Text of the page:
- May 25, 2017
- Posted in Disease Awareness
This post was last updated on January 6, 2020 at 2:43 pm
A Background on our Pancreatic Cancer Analysis
By Carol Smyth, MD
At Prognos, our mission is to improve health by tracking and predicting disease the earliest. We strive to create solutions that could help to one day eradicate disease, and we keep the same values in mind when it comes to creating our content. As we will explain in greater detail below, pancreatic cancer is a devastating condition that can be just as hard to detect as it is to treat. Our hope is that our findings may shed some light on a patient’s journey towards diagnosis.
- A blood-based panel or test that reliably identifies early stages of pancreatic cancer is urgently needed.
- Our previous research identified alkaline phosphatase and CA 19-9 as possible screening tests.
- Our new research will look at a broader range of potential serum markers, using the Prognos database to identify anonymized patients with pancreatic cancer and working retrospectively to study their bloodwork over the previous 5 years.
- Our goal is to identify likely, common blood tests that may be useful to screen for pancreatic cancer, to provide a basis for further study with a goal of finding effective screening tests.
Pancreatic adenocarcinoma grows slowly in the ducts of the pancreas, often taking over 10 years to go from localized to metastatic tumors. However, 80% of pancreatic cancers are found late, due to the lack of symptoms associated with the tumor until its late stages. Finding the tumor late results in poor survival rates because surgery to remove the tumor is the only known way to cure it, but most late pancreatic tumors are inoperable. This means that less than 10% of patients diagnosed with pancreatic cancer are still alive 5 years after diagnosis. Imaging studies are commonly done in high-risk individuals in an attempt to find pancreatic tumors when they are small and surgery is curative, but imaging is too expensive to conduct on everyone in the population. Therefore, the search for blood-based screening tests continues, and researchers around the world are working on identifying tests that would help to identify early pancreatic tumors, with a view to finding them in the early stages.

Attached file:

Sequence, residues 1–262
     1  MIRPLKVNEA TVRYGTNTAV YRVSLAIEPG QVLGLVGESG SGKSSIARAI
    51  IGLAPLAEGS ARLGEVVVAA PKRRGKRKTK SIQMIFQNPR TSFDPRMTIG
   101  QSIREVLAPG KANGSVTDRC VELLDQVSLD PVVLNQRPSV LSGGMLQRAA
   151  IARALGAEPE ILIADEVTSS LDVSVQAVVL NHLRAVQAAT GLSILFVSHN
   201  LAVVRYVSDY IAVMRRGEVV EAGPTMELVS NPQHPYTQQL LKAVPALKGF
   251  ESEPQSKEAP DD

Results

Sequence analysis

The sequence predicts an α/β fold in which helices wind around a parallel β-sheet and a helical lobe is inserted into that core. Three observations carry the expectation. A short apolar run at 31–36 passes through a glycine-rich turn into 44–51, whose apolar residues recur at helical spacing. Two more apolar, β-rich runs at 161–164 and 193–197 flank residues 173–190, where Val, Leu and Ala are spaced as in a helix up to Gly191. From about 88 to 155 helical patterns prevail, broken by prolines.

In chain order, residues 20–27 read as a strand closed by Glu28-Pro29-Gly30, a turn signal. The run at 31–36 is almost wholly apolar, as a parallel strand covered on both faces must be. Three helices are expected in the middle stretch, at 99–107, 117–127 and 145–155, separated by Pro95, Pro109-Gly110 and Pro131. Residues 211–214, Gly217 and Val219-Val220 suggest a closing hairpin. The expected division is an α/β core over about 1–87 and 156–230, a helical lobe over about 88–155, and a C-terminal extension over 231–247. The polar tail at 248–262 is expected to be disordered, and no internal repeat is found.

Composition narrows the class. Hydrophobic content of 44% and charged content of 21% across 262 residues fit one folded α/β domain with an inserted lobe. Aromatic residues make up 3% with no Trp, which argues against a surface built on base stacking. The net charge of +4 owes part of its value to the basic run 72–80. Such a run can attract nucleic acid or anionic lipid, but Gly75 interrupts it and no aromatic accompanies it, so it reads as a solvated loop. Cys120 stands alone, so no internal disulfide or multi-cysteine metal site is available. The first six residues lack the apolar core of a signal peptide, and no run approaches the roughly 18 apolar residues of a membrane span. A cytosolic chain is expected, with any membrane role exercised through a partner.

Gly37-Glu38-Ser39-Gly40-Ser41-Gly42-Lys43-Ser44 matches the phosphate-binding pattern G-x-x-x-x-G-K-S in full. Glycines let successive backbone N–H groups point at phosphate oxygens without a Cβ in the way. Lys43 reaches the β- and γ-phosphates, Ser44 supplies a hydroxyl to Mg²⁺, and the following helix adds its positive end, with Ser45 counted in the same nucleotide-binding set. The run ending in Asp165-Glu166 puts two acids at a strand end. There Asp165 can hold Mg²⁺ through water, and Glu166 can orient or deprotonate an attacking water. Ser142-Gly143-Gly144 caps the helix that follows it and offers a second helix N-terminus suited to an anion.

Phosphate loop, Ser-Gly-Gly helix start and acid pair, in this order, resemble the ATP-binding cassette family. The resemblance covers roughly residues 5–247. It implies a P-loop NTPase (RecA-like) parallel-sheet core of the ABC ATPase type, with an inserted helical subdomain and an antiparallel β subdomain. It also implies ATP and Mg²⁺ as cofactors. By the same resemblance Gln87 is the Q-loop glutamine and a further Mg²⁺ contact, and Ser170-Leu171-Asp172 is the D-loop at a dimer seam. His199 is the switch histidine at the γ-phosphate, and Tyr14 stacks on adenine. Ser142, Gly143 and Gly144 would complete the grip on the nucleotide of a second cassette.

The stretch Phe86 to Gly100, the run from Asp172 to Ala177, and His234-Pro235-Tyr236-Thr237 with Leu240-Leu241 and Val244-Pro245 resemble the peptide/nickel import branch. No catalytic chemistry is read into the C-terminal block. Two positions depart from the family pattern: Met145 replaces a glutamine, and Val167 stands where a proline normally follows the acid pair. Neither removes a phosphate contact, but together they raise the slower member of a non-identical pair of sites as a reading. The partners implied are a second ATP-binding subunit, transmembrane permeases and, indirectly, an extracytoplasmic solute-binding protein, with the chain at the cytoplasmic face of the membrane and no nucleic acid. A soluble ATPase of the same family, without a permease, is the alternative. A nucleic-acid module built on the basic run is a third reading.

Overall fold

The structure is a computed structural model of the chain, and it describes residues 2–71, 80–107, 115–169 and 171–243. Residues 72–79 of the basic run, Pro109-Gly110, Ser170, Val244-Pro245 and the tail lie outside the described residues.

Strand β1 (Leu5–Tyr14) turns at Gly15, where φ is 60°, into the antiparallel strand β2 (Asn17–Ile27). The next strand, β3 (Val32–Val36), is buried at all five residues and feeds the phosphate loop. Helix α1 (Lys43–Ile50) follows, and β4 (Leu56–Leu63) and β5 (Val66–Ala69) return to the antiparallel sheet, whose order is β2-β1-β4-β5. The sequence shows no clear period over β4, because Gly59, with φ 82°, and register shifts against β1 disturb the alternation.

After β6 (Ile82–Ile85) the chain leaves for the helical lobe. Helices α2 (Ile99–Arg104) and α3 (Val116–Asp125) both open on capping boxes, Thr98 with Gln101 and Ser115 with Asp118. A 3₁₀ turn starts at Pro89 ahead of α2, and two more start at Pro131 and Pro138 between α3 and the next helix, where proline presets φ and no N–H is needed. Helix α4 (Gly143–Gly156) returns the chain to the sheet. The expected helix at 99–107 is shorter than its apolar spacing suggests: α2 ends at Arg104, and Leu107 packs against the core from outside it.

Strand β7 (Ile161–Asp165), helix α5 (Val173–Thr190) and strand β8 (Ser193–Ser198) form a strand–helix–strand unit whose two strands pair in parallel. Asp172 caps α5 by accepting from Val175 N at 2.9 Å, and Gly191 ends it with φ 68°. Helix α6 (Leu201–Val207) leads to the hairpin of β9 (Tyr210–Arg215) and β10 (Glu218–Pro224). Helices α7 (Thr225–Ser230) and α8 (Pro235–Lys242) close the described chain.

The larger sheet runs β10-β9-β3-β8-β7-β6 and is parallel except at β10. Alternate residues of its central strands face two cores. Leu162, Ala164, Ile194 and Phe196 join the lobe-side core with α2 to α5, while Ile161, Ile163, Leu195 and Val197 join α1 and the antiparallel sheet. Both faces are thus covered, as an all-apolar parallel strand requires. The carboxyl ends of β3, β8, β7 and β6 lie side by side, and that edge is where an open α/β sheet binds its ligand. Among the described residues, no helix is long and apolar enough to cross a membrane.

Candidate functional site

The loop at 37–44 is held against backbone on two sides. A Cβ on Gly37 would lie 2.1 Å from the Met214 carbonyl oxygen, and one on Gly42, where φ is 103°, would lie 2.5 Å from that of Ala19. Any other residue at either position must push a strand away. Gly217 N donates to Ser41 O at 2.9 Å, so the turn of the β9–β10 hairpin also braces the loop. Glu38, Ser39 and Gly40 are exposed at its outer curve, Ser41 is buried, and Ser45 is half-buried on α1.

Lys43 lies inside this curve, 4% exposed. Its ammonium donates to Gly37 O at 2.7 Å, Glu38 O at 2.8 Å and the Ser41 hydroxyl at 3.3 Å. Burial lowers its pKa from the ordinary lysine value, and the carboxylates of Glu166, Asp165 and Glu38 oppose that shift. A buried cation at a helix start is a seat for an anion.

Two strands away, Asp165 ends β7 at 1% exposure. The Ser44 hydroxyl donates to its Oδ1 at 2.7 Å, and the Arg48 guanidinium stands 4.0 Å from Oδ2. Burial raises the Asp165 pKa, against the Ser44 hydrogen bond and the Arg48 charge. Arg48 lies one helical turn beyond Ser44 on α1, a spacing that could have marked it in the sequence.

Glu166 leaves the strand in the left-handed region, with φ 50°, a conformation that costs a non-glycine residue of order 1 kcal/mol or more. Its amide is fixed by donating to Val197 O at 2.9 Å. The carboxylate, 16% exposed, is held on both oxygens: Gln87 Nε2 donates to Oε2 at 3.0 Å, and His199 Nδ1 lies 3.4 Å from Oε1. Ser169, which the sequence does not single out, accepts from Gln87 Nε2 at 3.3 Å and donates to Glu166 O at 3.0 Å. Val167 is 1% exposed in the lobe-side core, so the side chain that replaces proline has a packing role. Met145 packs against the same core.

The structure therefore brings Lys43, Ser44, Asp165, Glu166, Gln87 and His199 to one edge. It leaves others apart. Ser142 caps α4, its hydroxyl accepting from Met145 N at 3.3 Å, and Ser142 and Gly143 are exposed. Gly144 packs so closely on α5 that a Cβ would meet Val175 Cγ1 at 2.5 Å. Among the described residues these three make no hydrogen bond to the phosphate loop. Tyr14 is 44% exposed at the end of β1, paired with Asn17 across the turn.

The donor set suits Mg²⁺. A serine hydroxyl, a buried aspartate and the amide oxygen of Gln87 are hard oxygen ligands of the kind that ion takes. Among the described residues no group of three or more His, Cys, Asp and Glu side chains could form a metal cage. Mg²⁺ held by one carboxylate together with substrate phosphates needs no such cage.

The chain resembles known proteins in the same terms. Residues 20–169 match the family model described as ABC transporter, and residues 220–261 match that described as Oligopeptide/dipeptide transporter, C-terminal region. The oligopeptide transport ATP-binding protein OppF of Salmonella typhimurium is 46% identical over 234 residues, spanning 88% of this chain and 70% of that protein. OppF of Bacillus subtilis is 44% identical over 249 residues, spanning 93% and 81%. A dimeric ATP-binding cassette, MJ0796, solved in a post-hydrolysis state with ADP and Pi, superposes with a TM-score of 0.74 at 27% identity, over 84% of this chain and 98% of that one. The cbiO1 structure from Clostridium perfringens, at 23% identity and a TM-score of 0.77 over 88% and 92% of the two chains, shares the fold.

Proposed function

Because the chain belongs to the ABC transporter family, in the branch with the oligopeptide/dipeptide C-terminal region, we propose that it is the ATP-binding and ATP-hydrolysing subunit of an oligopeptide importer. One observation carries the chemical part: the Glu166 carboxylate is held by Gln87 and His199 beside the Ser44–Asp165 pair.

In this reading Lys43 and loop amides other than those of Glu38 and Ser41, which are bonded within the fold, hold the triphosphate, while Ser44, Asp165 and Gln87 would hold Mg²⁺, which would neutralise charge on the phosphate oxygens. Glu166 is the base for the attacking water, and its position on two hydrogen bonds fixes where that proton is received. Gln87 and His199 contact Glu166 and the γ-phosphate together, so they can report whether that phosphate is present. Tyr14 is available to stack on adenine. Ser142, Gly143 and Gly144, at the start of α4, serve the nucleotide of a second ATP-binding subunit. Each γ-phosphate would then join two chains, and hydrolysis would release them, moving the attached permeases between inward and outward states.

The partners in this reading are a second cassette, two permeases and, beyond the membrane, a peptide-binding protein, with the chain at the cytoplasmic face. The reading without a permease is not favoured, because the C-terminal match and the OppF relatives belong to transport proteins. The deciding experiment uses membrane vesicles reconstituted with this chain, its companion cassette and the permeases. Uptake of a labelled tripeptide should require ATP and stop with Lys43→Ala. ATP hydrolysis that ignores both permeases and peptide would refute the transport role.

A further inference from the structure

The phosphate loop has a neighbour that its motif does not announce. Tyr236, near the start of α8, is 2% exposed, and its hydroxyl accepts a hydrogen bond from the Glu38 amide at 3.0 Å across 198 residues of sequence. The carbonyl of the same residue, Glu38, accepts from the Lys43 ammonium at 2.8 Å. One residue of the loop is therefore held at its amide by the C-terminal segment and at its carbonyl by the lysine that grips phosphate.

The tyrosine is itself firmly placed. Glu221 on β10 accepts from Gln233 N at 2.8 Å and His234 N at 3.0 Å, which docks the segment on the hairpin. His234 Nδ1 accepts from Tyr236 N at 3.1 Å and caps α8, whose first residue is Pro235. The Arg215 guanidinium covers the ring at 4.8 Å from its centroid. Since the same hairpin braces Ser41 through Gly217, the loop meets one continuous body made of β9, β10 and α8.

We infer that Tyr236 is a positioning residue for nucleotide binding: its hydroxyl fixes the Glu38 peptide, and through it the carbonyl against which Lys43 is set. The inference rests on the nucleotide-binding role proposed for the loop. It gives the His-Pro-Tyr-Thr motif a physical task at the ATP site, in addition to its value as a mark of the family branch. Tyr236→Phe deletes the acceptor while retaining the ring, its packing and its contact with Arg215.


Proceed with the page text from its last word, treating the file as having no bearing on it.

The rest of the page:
The most commonly used blood-based screening test for pancreatic cancer is carbohydrate antigen 19-9 (CA 19-9) – however, this test is not specific to the tumor, with levels rising in other conditions as well, including diseases affecting the pancreas, liver and colon. In addition, about 10% of people lack the enzyme to make CA 19-9, and therefore have undetectable levels even with advanced pancreatic cancer. Used alone, CA 19-9 appears to have limited use as a screening tool for pancreatic cancer, but studies using it as part of a panel continue. One recent study suggested that using CA19-9 along with another serum test, levels of carcinoembryonic antigen (CEA) helps to predict prognosis in patients with pancreatic cancer. (see https://www.ncbi.nlm.nih.gov/pubmed/28335509
We published an abstract at the 2015 American Society of Clinical Oncology meeting, in which we reported on analysis of over 9,000 patients in our nationwide database of lab tests who had been tested for CA 19-9 between 2010 and 2014. Of this group, about 1,600 had an ICD-9 code for pancreatic cancer – we used the code as a proxy for diagnosis of the cancer. We then compared the group with pancreatic cancer to patients who had also been tested for CA 19-9 but did not have the code, looking at lab tests including alkaline phosphatase (ALP) and bilirubin. We found that patients with high levels of CA 19-9 and ALP had a 46% risk of also having pancreatic cancer; patients with a high level of CA 19-9 alone had a 30% risk; patients with a high ALP alone had a 13% risk, and those with normal levels of both CA 19-9 and ALP had a 7% risk. Our study did not find bilirubin levels associated with risk of pancreatic cancer. (see http://abstracts.asco.org/156/AbstView_156_153453.html)
Two years later, our database has grown to include millions more patients and tests. In this blog series, we will present the results of a new analysis, this time finding patients with pancreatic cancer by ICD-9 and ICD-10 codes as before, but also looking retrospectively at the bloodwork conducted in these patients in the 5 years prior to diagnosis. Our goal is to see if we can identify a pattern of abnormal test results that may provide a clue, a signal in the “noise” of routine testing, that may point to a useful screening panel that can help to identify patients who are at increased risk for pancreatic cancer – and who may benefit from regular monitoring using imaging studies to try to find a developing tumor in the early stages when it can be cured by surgery.
We invite you to follow us through the next few weeks, to see how our team at Prognos conducts this groundbreaking analysis, and to see the results of this study. For more information contact us or chat live on our website.
Study funded by Prognos, New York, NY.